Connal Parsley (2010), 'The Mask and Agamben: The Transitional Juridical Technics of Legal Relation', Law Text Culture, 14, pp. 12-39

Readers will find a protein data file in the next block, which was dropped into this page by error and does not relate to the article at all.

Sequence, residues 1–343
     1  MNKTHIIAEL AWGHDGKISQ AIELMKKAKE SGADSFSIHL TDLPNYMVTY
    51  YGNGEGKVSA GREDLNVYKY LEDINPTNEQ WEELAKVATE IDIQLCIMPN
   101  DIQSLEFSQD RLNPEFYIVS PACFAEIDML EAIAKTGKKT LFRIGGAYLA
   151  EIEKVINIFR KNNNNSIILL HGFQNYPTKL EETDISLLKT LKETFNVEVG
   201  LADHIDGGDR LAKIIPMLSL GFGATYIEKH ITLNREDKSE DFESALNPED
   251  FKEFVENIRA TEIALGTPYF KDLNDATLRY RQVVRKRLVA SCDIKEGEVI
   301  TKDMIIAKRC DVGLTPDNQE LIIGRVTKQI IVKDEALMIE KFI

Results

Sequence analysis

In order to do this, I argue that in Hobbes - a key referent in Agamben's account of political power's relation to life - the (political) mask, with its antecedent in Cicero's theatrical metaphor, is an essential, indeed indispensable element of an account of political representation: a device which always mediates a rhetorically foregrounded natural life through and against the realm of human (political) artifice. Many authors have attempted to cultivate a non-theatrical or nonrepresentational register of the political in response to this feature of contemporary political discaurse.5 I would suggest that Agamben is among them. But perhaps surprisingly, Agamben - despite famously critiquing Hobbes' representative palitics and sovereign power, and the notion of naturallife which belangs to and sustains it - cannot be said to negate the politico-legal technic of the masklpersona outright. I argue that Agamben instead effects a delicate separation of the juridical relation from the specific, material technics which precede and facilitate it - the same technics which provide it with its 'origin'6 - ultimately using a transformed or 'perfected' version of that legal technic against juridical relations. In this case, I will argue that Agamben refines the tradition of thinking the person as a mask, a species of image, and, resisting its substantialisation in the moral person, deploys it against the image/substance caesura of modern politics.